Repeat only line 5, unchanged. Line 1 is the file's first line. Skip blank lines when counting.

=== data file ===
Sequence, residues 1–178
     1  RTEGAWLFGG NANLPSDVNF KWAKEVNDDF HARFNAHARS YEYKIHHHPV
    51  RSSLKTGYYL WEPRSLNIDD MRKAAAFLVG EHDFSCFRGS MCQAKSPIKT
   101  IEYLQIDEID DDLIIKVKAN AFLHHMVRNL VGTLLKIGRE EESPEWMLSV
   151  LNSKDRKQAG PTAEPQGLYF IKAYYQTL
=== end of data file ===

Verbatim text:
   151  LNSKDRKQAG PTAEPQGLYF IKAYYQTL